Delaware doctors have written fewer prescriptions for opioid drugs since the enactment of new regulations by the Department of State earlier this year.
The rate has dropped 12 percent, according to the Division of Professional Regulation, compared to the first quarter of 2017. The overall number of patients being treated with opioids has dropped eight percent.
“Limiting the availability of prescribed opioids that end up being diverted, sold and illegally abused is an important part of our fight to stem the tide of opioid addiction in Delaware,” said Gov. John Carney. “Opioid prescription rates remain too high in Delaware, but this is an issue we will continue to address in a comprehensive way.”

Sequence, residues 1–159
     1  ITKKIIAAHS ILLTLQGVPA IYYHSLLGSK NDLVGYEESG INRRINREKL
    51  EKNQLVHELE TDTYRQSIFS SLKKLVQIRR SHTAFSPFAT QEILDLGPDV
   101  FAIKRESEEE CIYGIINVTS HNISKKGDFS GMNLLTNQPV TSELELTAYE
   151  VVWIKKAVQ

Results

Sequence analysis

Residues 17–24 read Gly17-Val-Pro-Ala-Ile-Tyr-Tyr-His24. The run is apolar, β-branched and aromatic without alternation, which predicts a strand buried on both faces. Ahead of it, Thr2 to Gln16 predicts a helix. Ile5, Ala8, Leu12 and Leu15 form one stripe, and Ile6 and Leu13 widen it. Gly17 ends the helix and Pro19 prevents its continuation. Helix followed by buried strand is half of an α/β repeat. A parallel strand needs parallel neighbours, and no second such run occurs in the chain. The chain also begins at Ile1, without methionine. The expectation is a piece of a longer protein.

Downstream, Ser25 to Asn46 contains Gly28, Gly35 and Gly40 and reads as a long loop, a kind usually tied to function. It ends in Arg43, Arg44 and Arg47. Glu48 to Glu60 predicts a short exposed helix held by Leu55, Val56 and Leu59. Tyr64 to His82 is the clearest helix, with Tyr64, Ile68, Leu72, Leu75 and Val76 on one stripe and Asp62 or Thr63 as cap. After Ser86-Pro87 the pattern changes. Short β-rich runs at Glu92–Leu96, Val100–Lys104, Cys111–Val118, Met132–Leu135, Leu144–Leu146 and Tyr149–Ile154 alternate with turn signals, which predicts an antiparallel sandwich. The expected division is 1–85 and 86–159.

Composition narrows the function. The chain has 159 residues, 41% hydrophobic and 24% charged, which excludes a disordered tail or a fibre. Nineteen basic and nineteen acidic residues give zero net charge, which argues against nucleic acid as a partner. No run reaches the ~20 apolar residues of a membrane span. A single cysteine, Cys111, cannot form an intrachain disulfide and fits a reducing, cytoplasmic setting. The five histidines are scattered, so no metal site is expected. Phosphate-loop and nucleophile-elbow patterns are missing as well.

The regulations, implemented April 1, came as a direct response to the uptick in opioid-related overdoses. Effectively the regulations put in additional stop-gaps, such as limiting first-time prescriptions to one week.
“A significant reduction in the number of pills being prescribed means a better chance that fewer end up on the street,” said Secretary of State Jeff Bullock. “Just as important, fewer people being prescribed opioids is a sign that medical professionals in Delaware may be changing their prescribing practices and relying less heavily on highly addictive opioids when better alternatives exist. Seven months into our new regulatory framework for opioids, we are seeing the results we had hoped for.”